INSULATE ATTICS, WALLS AND FLOORS:  According to the Department of Energy, you can reduce your heating needs by as much as 30 percent by adding just a few hundred dollars worth of new insulation. The extra cushion between your interior space and the outdoors pays for itself over time. Although the tendency may be to just focus on the attic, don’t forget other key places such as crawl spaces, ceilings, basement walls, and around recessed lighting fixtures (just make sure those fixtures are designed for direct insulation contact).

THINK LANDSCAPING:  In the winter, cold, blustery winds can reduce the temperature inside your home by as much as 20 percent. Plant deciduous trees (ones that lose their leaves in the winter) on the south side of the house to allow the sun to heat the south side. Plant evergreen trees or large shrubs (ones that don’t lose their leaves in the winter) on the north side of the house to block the winter winds.

INVEST IN A CEILING FAN:  Ceiling fans are a cost saving way to reduce energy use since they use 98% less energy than most central air conditioners. Since the fans will provide extra air circulation, the air handling unit will come on less frequently saving you money. Hot air rises so running the ceiling fan with the air blowing down is an effective way to reduce heat stratification in the winter.

For assistance in implementing these energy saving ideas, contact us at: or 609-654-2329.

What is a Professional?

January 17th, 2011

On a daily basis, we are constantly told in advertising and by individuals that they are professionals and that their occupation is a profession. So, what is a Professional?

A professional is a member of a vocation founded upon specialized education and training and, therefore, that individual is an expert who is a master in a specific field.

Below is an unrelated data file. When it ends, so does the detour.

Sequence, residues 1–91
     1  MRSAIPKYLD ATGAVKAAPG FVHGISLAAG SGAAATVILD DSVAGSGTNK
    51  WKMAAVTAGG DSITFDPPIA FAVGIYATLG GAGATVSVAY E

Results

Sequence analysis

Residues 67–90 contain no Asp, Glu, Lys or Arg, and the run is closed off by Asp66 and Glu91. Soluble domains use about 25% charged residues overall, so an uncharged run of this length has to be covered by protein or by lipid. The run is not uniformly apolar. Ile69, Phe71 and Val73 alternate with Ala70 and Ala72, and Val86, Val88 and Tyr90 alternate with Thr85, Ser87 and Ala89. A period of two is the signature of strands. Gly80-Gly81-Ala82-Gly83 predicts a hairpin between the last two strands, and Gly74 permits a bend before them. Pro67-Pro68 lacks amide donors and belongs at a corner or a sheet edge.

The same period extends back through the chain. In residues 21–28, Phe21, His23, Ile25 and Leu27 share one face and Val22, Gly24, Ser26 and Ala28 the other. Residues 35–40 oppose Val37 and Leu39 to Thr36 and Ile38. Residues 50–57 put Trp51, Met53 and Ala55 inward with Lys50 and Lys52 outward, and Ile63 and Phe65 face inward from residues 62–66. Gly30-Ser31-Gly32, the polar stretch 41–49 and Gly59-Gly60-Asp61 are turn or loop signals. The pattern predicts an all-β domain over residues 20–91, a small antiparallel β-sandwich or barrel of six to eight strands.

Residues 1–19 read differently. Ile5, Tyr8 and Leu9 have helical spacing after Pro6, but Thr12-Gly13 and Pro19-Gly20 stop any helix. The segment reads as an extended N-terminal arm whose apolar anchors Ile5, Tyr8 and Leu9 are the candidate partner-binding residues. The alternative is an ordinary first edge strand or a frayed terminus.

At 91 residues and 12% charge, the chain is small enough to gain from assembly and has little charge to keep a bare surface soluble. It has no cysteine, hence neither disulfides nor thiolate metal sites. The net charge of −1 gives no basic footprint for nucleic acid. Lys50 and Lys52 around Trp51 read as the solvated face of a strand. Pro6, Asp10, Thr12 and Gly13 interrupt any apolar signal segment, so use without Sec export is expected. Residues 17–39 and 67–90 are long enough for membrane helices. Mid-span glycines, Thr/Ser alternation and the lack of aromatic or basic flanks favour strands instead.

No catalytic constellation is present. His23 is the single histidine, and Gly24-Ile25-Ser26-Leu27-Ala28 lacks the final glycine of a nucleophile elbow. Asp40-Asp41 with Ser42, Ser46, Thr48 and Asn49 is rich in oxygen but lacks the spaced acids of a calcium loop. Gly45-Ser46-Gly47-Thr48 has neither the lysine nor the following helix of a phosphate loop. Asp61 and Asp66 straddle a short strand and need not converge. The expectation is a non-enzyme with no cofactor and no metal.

The word professional traditionally means a person who has obtained an advanced degree and a license in a field that is state regulated. The term commonly describes highly educated, licensed, mostly salaried workers, who enjoy considerable work autonomy, a comfortable income, and are commonly engaged in creative and intellectually challenging work.

Because of the personal and confidential nature of many professional services and thus the necessity to place a great deal of trust in them, most professionals are held up to strict ethical and moral regulations.

The main criteria for a professional includes the following:

Specialized Knowledge:  A professional is in a vocation that requires the possession of theoretical and specialized knowledge in the field in which one is practicing by obtaining a college degree after a long period of education and enduring a long and arduous training period.

Codified Body of Knowledge:  A professional is in a vocation with a codified body of knowledge that is unique to that vocation and is examined by statute regarding that theoretical body of knowledge.

History of Profession:  A professional is in a vocation that has a history of that vocation that is critical to understand in order to be a member of that profession.

Licensed:  A professional possesses a state-issued license that is obtained through a rigorous examination process. The professional is typically regulated by statute, with the responsibilities of enforcement delegated to the respective regulatory bodies, whose function is to define, promote, oversee, support and regulate the affairs of its licensees.

Ethical Standards:  A professional has a higher standard of professional ethics, behavior and work activities while carrying out one’s profession (as an employee, self-employed person, business, company, or partnership/associate/colleague, etc.). The professional owes a higher duty to a client, often a privilege of confidentiality, as well as a duty not to abandon the client just because he or she may not be able to pay or remunerate the professional. Often the professional is required to put the interest of their clients ahead of their own interests.

High Quality Work:  A professional produces high quality work in, for example: design, services, presentations, consultancy, research, administrative, marketing or other work endeavors.

Independence:  A professional tends to be independent and autonomous meaning that they have a higher degree of control of their own vocation and business.

Professional Associations:  A professional has a professional associations organized by their members that are intended to enhance the status of their members and have carefully controlled entrance requirements.

Thus, by the above definition, a professional is limited to accountants, architects, attorneys, dentists, engineers, nurses, pharmacists, physicians and professors.

As Professional Architects, we strive to fulfill the above definitions of a Professional.   Please contact us at: .